Supervised Learning of Roots
- To design and implement machine learning techniques for automatic
extraction of root consonants from words in Semitic languages.
- Ezra Daya
and Shuly Wintner,
with Dan Roth at UIUC
- The Caesarea Edmond Benjamin de Rothschild Foundation Institute for Interdisciplinary Applications of Computer Science
The major word formation mechanism of Semitic languages is
root-and-pattern: words are formed by inserting the
consonants of a root into the open slots of a
pattern, where the root is a sequence of (usually three, but
sometimes 2, 4 or -- in extreme cases -- 5 or more) consonants and the
pattern is a sequence of vowels and consonants which includes "open
slots" for the root. For example, when the Hebrew root k.t.b
is inserted into the pattern hit_a_e_ the resulting lexeme is
the verb hitkateb. As is usual in natural language
morphology, combinations of roots and patterns sometimes involve
morphological and morpho-phonological alternations. For example,
insertion of the root s.p.r into the same pattern results in
histaper rather than the expected hitsaper.
Extracting the root of a Semitic word is therefore a non-trivial task,
especially given that there are thousands of roots and hundreds of
patterns in a typical Semitic language. The objective of this project
is to explore machine learning techniques for this task. We will
investigate a variety of (supervised) learning algorithms for the
problem, starting with linear classifiers (using the SNoW
architecture) and memory-based learning (using TiMBL).
This task is especially interesting for existing machine learning
technology due to the combination of two facts: on one hand, the
number of targets is huge (approximately 2500 roots in the case of
Hebrew); on the other hand, separating the problem into a small number
of independent tasks (such as learning each consonant of the root in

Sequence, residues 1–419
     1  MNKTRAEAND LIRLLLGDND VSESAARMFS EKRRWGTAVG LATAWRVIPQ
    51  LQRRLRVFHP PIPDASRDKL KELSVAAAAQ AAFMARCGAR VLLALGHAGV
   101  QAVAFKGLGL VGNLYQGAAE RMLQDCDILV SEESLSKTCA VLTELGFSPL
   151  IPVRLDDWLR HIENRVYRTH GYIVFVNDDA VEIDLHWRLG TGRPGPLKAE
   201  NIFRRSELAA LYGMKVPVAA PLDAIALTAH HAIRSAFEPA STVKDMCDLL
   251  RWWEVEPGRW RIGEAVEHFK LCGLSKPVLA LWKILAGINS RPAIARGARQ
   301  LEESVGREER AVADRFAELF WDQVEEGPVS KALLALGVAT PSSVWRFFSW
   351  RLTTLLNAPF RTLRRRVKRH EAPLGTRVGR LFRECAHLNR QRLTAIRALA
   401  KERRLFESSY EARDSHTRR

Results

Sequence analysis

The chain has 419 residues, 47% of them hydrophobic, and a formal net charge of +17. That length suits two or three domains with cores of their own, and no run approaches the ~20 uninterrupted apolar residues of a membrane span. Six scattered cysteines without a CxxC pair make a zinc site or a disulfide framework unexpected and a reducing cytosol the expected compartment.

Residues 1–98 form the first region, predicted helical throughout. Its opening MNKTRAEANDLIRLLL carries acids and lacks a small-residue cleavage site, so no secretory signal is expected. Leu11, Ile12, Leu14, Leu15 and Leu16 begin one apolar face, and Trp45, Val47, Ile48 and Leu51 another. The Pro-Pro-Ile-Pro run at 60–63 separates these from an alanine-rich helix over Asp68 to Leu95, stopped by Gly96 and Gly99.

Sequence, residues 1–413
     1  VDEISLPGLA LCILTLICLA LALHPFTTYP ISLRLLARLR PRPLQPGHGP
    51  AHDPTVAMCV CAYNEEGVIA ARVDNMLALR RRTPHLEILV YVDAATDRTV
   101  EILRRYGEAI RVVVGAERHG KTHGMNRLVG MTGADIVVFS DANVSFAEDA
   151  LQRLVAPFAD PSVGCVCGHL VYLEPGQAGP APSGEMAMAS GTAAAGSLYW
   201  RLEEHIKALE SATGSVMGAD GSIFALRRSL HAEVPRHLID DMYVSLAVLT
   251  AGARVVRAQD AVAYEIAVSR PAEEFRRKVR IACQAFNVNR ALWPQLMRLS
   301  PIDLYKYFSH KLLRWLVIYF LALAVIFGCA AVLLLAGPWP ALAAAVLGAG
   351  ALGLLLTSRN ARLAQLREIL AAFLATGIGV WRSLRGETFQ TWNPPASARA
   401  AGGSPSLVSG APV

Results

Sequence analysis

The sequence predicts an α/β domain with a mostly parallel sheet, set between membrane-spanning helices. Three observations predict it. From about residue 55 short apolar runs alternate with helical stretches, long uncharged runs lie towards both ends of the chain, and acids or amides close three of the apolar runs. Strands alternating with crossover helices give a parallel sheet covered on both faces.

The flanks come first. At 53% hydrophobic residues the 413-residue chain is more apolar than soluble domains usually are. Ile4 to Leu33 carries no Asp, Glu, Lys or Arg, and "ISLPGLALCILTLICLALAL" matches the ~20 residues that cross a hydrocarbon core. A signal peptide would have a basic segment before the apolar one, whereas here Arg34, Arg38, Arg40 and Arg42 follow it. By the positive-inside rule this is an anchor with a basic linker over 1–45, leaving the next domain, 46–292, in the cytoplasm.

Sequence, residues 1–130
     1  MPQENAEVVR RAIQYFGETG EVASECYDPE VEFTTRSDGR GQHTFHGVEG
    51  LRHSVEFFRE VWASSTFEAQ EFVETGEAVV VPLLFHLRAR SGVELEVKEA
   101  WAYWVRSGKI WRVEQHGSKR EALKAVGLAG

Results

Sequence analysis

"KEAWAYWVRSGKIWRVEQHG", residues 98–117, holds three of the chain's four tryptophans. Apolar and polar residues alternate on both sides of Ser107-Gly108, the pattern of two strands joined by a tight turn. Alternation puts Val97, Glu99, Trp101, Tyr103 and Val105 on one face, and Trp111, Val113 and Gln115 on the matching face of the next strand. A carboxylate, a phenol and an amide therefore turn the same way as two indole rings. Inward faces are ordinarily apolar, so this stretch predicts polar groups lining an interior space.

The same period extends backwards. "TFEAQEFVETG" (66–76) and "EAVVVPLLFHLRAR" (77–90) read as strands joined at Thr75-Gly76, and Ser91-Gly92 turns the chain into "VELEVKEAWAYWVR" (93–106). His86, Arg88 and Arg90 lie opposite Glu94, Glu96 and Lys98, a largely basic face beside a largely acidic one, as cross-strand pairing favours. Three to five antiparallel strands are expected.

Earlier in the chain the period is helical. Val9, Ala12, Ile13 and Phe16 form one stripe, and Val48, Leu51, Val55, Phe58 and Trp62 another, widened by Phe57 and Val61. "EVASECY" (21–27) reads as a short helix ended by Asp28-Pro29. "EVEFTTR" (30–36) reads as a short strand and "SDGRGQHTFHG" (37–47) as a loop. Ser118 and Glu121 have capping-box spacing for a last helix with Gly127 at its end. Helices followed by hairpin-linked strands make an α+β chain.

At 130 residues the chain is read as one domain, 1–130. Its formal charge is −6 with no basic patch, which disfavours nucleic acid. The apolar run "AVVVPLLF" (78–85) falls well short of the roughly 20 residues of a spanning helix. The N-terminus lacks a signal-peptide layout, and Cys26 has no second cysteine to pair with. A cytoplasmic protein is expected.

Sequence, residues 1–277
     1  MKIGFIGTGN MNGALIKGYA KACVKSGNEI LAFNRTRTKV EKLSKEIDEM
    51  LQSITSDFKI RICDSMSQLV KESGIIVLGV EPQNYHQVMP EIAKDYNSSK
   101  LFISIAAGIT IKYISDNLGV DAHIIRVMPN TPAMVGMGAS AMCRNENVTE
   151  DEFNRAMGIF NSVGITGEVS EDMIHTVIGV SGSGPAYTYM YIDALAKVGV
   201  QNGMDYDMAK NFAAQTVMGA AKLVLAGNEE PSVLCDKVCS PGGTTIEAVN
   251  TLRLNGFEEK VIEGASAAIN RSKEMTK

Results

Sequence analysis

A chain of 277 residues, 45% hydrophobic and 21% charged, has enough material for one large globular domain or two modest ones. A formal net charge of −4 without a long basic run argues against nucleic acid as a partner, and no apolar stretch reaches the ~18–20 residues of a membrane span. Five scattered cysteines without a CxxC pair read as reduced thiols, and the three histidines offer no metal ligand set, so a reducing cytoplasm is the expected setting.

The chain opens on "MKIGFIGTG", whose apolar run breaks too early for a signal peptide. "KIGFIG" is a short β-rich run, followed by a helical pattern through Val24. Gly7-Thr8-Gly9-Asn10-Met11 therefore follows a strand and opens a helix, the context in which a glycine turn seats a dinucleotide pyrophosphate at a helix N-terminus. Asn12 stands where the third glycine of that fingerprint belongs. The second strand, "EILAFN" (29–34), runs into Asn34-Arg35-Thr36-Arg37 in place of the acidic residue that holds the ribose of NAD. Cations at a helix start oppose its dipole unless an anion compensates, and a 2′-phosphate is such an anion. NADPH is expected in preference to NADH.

isolation) misses the obvious interdependencies between the root's
letters. We will investigate several approaches to overcome these
The result of this project will be an automatic function for
extracting the root of a given word in both Hebrew and Arabic (and, in
principle, in any Semitic language). Such a function is useful in a
variety of applications, including information retrieval and natural
language processing tasks for Semitic languages.
- Ezra Daya, Dan Roth, and Shuly Wintner.
Identifying Semitic Roots: Machine Learning with Linguistic
Computational Linguistics 34(3):429-448,
Ezra Daya, Dan Roth, and Shuly Wintner.
Learning to Identify Semitic Roots.
In Antal van den Bosch, Guenter Neumann, and Soudi Abdelhadi,
editors, Arabic Computational Morphology: Knowledge-based and
Methods, Text, Speech, and Language Technology. Springer,
Ezra Daya. Learning to Identify Semitic Roots. November 2005. University of Haifa M.Sc. Thesis. [pdf]
- Ezra Daya, Dan Roth and Shuly Wintner.
Learning Hebrew Roots: Machine Learning with Linguistic Constraints.
Proceedings of EMNLP'04, Barcelona, July 2004.
Computational Linguistics Group,
Department of Computer Science,
University of Haifa
modified Sunday November 24, 2013.